Special payroll tax (Lønsumsafgift)

Companies that provide VAT-exempt services may be liable to pay special payroll tax (in Danish ‘lønsumsafgift’) in Denmark, which is calculated on the total payroll, including any type of wages and bonuses that the employee has received. There are four different calculation methods; which method should be applied depends of the activity and organisational structure. The method and percentage applied to calculate the special payroll tax depend on the ratio between VATable and VAT-exempt services supplied.

In case the VAT-exempt financial revenue is more than 50% of the total revenue, the company will be qualified as a financial services provider and the special payroll tax is then 15.3% (2021) of the payroll used for the VAT-exempt activities.

This tax is deductible for income tax purposes.

Customs duties

Denmark is a member state of the European Union, and, according to EU’s Common Customs Tariff, many goods imported into Denmark from outside the European Union are subject to customs duties. The rates of duty vary widely between goods.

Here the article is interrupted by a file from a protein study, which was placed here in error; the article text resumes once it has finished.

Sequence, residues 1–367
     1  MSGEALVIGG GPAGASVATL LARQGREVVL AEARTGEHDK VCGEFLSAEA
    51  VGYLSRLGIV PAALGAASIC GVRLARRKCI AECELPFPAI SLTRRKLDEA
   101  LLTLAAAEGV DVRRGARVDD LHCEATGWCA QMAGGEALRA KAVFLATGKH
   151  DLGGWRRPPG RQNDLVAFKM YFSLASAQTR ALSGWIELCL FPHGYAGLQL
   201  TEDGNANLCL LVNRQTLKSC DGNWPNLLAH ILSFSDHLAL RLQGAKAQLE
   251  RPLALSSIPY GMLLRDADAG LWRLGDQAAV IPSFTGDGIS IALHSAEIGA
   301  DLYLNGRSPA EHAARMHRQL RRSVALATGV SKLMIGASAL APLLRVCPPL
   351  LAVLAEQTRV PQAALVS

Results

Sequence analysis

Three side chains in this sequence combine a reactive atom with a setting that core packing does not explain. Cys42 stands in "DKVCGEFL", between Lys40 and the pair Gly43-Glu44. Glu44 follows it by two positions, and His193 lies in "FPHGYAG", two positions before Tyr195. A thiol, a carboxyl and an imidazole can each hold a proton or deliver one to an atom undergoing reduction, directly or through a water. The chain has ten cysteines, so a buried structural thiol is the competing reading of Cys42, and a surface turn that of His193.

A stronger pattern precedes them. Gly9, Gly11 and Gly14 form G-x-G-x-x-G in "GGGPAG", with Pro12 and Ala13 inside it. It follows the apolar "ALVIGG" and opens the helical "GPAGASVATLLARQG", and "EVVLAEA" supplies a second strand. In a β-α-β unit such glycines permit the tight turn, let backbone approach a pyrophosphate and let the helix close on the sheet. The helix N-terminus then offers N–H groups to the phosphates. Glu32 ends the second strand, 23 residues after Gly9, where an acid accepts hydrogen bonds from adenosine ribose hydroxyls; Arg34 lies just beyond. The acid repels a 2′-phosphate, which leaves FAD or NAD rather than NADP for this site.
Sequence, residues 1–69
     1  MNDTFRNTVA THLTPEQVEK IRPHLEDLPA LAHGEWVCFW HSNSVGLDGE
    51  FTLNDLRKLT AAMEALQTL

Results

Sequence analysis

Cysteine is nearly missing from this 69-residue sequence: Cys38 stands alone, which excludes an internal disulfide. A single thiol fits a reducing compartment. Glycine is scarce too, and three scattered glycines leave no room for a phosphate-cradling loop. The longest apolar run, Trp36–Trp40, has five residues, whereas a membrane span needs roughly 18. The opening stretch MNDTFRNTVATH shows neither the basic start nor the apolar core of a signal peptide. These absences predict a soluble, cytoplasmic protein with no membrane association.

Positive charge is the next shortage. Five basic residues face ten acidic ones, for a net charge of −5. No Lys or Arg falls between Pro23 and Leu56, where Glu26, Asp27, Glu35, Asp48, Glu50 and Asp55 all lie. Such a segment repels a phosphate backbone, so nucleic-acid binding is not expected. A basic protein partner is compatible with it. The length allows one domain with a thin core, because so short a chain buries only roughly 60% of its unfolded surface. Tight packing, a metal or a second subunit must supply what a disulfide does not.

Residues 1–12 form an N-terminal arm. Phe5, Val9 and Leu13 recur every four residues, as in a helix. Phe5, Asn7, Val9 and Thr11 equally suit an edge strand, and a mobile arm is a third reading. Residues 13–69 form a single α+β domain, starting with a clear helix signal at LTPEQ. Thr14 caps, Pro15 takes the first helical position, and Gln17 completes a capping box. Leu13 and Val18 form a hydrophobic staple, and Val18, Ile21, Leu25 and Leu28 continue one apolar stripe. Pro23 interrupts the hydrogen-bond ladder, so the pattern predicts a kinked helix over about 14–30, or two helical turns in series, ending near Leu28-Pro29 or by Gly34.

Excise duties

According to Danish tax law, several excise duties are levied on different products. Some of the excise duties are enacted based on EU regulations while others are enacted according to domestic law only.

Excise duties are chargeable on a long list of goods, including hydrocarbon oil products, certain packaging, alcoholic drinks and tobacco, chocolate and sweets, coffee, etc.

The excise duty rates depend on the type of goods (e.g. chocolate, packaging) as well as, in some cases, the category of the goods (e.g. plastic bags, paper bags). Furthermore, many of the excise duty rates are regulated every year.

Only goods sold in Denmark (or taken into Denmark) are liable to the Danish excise duties. Companies importing goods into Denmark or companies producing goods in Denmark must be registered with the Danish tax authorities to settle the excise duties. This will often also be the case even though they are selling the goods on to other companies in Denmark.

The type of registration is decisive for when the companies must pay the excise duties. Companies just storing goods must register and settle excise duties in Denmark in spite of the fact that the goods are not being sold in Denmark.

As excise duties are a tax for national consumption in Denmark, a company can, in principle, obtain a reimbursement of the excise duties on products sold outside of Denmark. Companies are entitled to a reimbursement even if the company is not registered for the excise duties in question and even if the excise duties have been paid by previous resellers, etc.

Property taxes

The Danish Property tax system has recently been revised, all property taxes for 2022 and onwards are preliminary, and any adjustment will be claimed backwards once the assessments are final.  The finalization of the property taxes are pending the publication of the final assessments, which is currently expected to be 2025/2026.